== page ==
The 98th returned to England in 1837 and were based in Newcastle upon Tyne where they were called upon to support the civil powers during the Chartist troubles. Thomas and Mary had a daughter, Sarah Elizabeth who was born at the end of 1838 and a son, Thomas Edward, who was baptised in Newcastle in 1840.

In 1842 the 98th were sent to China to fight in the Opium War. Mary must have accompanied her husband as their daughter, Lucy Ann was born in China in abt. 1842 and Mary Jane, was born in Hong Kong in abt 1844. In 1846 the 98th were transferred to Dinapore in northern India; Thomas and Mary had a son, William Arthur, later that year.

In 1847 tragedy struck. According to a notice in the Grahamstown Journal (South Africa) on Saturday 11th December, 1847:

Died at Dinahore [sic], Mary HARRADEN, the beloved wife of Thomas Harley HARRADEN, Bandmaster HM 98th Regt, who departed this life 2nd June 1847 aged 34 years and 10 months. She was a virtuous wife and a kind mother.
Sarah Elizabeth HARRADEN, daughter of the above, who departed this life 3rd June 1847, aged 8 years and 8 months.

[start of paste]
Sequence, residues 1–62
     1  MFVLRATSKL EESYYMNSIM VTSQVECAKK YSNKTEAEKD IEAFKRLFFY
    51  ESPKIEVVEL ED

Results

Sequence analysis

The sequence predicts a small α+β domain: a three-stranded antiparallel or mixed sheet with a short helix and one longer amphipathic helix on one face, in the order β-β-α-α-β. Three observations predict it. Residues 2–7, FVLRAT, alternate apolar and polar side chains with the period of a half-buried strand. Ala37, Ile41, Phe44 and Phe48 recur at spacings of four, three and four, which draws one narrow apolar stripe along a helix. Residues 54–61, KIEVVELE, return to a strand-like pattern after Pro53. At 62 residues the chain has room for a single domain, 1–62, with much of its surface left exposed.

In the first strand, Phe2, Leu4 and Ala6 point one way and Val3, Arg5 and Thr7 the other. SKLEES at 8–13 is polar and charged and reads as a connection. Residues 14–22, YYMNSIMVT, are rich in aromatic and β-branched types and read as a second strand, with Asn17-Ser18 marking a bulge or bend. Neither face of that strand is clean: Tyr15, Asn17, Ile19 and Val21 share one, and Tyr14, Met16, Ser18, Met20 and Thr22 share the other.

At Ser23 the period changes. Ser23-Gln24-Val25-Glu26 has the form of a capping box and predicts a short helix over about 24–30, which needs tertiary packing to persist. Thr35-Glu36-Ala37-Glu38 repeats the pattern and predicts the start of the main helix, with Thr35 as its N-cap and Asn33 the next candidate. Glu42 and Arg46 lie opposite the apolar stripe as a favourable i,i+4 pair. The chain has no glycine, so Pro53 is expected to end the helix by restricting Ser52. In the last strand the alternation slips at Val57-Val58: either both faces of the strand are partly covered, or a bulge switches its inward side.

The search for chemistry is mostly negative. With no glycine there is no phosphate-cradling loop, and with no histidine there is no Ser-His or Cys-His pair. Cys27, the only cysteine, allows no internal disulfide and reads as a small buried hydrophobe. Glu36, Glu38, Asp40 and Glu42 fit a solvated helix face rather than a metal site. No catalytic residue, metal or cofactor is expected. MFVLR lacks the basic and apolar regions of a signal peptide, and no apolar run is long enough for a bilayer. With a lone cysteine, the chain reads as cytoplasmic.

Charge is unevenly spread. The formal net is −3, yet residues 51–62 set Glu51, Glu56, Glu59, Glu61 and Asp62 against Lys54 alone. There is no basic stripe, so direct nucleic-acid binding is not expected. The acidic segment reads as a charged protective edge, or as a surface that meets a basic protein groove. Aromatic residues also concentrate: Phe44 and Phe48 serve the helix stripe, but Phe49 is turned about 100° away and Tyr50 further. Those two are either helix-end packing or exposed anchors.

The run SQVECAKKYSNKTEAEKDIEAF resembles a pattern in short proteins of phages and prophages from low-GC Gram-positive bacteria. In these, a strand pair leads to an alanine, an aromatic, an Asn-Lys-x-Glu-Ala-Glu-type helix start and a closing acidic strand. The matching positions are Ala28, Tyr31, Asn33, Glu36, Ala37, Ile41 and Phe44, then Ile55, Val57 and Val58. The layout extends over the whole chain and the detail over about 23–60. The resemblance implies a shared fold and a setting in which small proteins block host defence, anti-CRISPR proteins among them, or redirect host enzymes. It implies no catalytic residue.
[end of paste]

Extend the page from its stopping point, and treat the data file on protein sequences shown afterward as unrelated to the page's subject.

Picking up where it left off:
William Arthur HARRADEN, son of the above, who departed this life 6th June 1847, aged 6 months and 6 days.
These lovely buds, so young, so fair,
Called hence by early doom,
Just came to shew how sweet a flower
In Paradise may bloom.
The deceased was the daughter of Wm. MOUNTFORT and her premature death is much regretted by her aged parents and family.

Thomas remained in the army for another two years during which time the 98th was involved in the Second Sikh War. It seems that he remarried whilst in India but this marriage was ended by his return to England. Thomas had married again by 1851 (by which time he was living in Kennington, Kent). A Trumpeter William Harraden, possibly Thomas and Mary's son, served in the army in India during the 1850s and 60s and is mentioned in the Indian Mutiny medal roll.

Thomas's daughter, Mary Jane Harraden, married Morton William Miller at Canterbury, England in 1866. Morton was a merchant seaman and was rarely at home, so Mary Jane continued to live with her Father. In 1871 they are living in Hall Road, Wanstead. Thomas’s occupation is given as Music Master, and his place of birth as Knightsbridge. He is living with his third wife, Mary, his daughter Mary J Miller, his grandson Morton Miller and his niece Emma Gurney.